The Campus Speech vs. Safety Tightrope: A Conversation with Fred Lawrence


​​​​​​​​​​​​​​Aired May 13, 2024

In a special episode, Fred Lawrence, secretary and CEO of Phi Beta Kappa, returns to dotEDU to help explain how tensions between free speech and campus safety can lead to the unrest happening at some campuses in response to the war in Gaza. He also addresses how campus communities of different viewpoints can and should move forward to address hostilities before crises start.

Here are some of the links and references from this week’s show:

How Campus Protests of the Past May Inform Pro-Palestinian Student Demonstrations
ABC News | May 6, 2024 

Negotiate? Call in the Police? University Presidents Try Range of Tactics as Protests Roil Campuses
The Wall Street Journal (sub. req.) | May 1, 2024 

How Student Protests Are Changing College Graduations
NPR | May 7, 2024

Hosts and Guests

 Read this episode's transcript

Jon Fansmith: Hello, and welcome to this special episode of dotEDU, the higher education policy podcast from the American Council in Education. I'm your host, Jon Fansmith, and I'm joined by my co-hosts, Sarah Spreitzer and Mushtaq Gunja. Hey, guys.

Sarah Spreitzer: Hey, Jon. Looking forward to this important discussion.

Mushtaq Gunja: Hey, Jon. Hey, Sarah. Yeah, can't wait.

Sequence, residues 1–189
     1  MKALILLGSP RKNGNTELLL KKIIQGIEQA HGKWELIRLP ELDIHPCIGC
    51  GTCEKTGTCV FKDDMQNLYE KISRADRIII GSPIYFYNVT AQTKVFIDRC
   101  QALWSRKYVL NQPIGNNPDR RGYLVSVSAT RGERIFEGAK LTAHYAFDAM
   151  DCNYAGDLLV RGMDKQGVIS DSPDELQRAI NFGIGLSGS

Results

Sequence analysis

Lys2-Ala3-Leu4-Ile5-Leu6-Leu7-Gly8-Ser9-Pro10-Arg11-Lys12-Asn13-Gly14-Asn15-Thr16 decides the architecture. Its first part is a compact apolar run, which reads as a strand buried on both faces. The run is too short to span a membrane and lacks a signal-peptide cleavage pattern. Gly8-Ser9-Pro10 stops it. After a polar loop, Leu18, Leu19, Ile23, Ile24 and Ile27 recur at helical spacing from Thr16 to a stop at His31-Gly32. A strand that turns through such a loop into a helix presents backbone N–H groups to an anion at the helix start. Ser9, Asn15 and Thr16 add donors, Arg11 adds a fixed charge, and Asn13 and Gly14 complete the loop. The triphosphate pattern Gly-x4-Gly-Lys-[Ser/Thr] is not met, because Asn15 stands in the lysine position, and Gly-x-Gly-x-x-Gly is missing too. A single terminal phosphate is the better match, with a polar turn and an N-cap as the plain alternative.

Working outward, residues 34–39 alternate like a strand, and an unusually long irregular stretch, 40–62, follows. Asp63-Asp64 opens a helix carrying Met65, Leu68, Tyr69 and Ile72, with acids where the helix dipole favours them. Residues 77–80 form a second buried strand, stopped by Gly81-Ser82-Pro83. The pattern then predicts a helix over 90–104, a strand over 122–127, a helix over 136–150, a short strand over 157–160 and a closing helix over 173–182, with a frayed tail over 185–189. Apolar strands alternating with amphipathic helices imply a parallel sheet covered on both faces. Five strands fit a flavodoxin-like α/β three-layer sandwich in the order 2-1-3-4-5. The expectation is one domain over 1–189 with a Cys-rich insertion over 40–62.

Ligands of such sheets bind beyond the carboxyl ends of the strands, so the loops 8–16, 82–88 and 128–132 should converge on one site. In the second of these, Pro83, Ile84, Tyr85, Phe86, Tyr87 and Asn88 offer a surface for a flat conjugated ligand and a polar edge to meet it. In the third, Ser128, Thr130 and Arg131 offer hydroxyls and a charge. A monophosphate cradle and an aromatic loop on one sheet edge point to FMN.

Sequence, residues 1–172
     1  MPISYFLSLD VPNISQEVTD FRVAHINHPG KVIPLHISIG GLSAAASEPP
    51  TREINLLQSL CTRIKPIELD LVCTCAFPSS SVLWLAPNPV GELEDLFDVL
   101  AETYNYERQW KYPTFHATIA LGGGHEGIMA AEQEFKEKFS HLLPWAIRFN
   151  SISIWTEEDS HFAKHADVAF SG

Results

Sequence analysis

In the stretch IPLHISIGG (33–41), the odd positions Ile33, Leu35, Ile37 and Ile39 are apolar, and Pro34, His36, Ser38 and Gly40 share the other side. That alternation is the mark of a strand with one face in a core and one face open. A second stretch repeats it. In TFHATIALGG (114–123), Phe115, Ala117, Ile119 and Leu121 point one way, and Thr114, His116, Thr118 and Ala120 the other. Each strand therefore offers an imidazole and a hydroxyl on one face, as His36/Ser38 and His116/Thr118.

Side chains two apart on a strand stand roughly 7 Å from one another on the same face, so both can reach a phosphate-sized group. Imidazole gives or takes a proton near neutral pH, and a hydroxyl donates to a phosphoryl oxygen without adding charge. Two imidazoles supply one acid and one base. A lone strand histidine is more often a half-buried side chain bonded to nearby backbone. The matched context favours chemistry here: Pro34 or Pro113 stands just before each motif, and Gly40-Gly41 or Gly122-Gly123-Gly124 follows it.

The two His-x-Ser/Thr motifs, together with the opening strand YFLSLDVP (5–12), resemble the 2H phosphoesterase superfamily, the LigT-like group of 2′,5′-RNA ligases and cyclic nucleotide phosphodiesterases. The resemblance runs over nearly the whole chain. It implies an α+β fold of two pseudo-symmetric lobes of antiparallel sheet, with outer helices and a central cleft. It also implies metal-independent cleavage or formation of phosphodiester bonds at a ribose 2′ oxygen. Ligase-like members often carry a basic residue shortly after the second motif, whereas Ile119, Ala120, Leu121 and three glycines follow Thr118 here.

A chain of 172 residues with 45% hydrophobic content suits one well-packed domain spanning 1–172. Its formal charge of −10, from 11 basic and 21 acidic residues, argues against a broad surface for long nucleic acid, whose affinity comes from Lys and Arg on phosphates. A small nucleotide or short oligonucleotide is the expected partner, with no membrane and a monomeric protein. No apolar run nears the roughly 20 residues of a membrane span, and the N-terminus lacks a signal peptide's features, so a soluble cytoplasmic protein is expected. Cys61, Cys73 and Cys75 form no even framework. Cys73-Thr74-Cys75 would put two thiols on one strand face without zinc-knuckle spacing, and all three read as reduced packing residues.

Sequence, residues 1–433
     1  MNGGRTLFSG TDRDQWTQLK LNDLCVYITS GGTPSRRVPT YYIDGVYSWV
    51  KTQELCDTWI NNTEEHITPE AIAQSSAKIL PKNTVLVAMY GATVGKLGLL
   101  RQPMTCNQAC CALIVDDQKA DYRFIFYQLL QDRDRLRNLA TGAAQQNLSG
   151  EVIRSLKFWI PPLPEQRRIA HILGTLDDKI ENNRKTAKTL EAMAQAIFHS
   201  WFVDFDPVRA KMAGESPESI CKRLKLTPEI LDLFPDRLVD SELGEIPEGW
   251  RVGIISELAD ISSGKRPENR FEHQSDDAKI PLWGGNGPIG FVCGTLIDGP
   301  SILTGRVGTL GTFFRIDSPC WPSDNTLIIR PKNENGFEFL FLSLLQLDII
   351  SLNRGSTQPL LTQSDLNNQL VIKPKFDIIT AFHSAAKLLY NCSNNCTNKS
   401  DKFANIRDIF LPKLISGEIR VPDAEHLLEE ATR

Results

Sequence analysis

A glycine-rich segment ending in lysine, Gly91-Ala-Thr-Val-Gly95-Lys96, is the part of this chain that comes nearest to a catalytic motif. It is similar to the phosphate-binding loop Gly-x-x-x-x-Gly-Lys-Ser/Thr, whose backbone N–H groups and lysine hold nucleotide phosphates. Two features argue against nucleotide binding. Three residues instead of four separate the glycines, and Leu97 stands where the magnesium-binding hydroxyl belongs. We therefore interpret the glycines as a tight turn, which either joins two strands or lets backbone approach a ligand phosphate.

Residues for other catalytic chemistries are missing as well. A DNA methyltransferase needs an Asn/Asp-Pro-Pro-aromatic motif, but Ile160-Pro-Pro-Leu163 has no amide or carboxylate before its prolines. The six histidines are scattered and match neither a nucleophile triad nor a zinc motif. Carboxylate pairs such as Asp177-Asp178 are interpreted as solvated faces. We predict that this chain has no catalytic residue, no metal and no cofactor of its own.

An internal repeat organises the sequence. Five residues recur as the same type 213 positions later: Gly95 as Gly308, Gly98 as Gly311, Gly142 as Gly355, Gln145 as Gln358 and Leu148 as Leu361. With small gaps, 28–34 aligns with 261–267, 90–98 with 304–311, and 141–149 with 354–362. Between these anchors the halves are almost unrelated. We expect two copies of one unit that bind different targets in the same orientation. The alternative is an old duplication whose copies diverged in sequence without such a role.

Jon Fansmith: Yeah. The discussion we will be having is one that's both I think very timely and very relevant to our audience as people are undoubtedly aware if you're listening to this podcast, over the last few months, there has been rising tensions on college campuses around the Israel-Gaza conflict, and in particular with protests on campus related to that. And especially in recent weeks, those protests have become more intense, certainly much more in the public eye. Certainly it's not every campus. I think according to The Chronicle of Higher Education as we record this, it's about 90 campuses where these protests are taking place. But certainly the fact that it's 90 institutions and the scale of the issues that they raise, very significant and very obviously influential in terms of the current higher education policy environment. We're fortunate to be joined by really an exceptional guest and an exceptional voice on these issues to talk through them with us today. Fred, Frederick Lawrence, goes by Fred. Your name is not actually Fred Frederick Lawrence, I should be clear.